Organizing the captured material. Trying to sort through 4500+ photos from a five band set or 300+ GBs of video is less than fun. But once I get through that slog I really enjoy the post-production aspects that follow afterwards. So it’s something I have to remind myself of when I’m cursing at myself for taking so many photos and such.
Do you coordinate with someone who will be writing an article? If you do, what’s that process like?
Primarily when it comes to any sort of news type coverage and interviews we go with podcasts as that’s our secondary draw outside of the music itself. Though my current plan is to start writing more articles both on the event experience itself along with the technical aspects on how I do things. Yeah you can read up on tech specs and various tests about certain equipment all day, I’m hoping that providing a ‘real world’ perspective will really help people. Especially those who may want to cover similar scenes in their own towns.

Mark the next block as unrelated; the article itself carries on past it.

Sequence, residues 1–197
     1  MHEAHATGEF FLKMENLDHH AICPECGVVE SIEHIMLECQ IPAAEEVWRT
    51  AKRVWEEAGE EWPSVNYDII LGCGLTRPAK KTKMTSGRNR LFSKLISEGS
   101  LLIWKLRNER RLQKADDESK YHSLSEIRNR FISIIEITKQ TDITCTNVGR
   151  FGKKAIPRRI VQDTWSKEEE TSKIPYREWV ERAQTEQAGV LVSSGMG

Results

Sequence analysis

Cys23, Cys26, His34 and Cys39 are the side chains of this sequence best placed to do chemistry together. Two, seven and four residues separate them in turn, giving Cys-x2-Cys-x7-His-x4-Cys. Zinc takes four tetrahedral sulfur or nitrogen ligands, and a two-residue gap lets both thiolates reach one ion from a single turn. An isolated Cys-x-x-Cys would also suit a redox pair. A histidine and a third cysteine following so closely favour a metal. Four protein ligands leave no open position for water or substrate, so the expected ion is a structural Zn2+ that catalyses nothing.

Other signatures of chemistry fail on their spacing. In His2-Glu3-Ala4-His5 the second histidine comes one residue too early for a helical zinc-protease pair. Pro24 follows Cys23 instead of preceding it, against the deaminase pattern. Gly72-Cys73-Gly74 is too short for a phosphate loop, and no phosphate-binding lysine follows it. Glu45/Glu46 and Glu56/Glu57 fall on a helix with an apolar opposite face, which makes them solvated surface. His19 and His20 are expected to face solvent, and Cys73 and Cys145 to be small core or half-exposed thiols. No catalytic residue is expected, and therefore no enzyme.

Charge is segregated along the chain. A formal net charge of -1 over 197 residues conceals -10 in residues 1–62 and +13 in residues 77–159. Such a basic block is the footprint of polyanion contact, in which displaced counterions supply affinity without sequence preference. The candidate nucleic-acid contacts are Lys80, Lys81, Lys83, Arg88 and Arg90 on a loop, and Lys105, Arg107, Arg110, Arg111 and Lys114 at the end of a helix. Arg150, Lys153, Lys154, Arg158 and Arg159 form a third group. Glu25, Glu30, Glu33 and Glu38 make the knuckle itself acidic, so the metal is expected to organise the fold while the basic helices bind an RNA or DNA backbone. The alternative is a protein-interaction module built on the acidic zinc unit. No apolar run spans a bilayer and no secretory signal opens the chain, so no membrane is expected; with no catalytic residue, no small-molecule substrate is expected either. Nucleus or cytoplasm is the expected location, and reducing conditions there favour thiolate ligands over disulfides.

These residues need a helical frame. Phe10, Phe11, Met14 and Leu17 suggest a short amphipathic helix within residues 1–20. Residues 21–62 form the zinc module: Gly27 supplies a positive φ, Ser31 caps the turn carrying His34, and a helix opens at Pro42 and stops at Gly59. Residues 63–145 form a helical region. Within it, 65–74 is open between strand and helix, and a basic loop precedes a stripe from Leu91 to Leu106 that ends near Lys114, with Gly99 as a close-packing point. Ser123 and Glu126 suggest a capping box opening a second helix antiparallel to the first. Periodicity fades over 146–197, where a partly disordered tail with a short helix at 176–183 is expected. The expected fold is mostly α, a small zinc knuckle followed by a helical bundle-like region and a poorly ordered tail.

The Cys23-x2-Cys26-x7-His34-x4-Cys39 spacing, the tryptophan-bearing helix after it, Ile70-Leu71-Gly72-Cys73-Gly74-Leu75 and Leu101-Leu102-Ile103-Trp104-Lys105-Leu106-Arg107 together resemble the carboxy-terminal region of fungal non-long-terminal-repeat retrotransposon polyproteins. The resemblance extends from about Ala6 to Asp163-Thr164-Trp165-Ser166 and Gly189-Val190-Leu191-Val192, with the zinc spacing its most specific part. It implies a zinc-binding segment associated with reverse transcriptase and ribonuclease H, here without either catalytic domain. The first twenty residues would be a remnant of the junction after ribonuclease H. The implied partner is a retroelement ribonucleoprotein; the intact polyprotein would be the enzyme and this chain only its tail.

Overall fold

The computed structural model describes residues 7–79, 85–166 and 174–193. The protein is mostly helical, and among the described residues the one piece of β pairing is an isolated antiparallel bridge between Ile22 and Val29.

So at the moment most article writing is a solitary venture, but we’re always open to collaborations.
How do you determine what gets covered?
There’s really only two questions we ask
1: Would this be interesting to our audience? 2: Would this be interesting to us?
If we can answer “yes” to both of those questions then we go do it. While we may not initially know a lot about whatever we’re considering coverage of, as long as we show genuine interest in it that can make up for a lot.
For example one subject that’s building more of an audience interest for us is indie wrestling leagues. And it turns out there are a couple of leagues here in Austin. While I know little about wrestling (the last time I had anything to do with it was going to a WWE house show in Cedar Falls, Iowa in 2004) but if the opportunity arises where I can go cover it, I’m down.
I’m totally OK with going outside my comfort zone when it comes to covering stuff.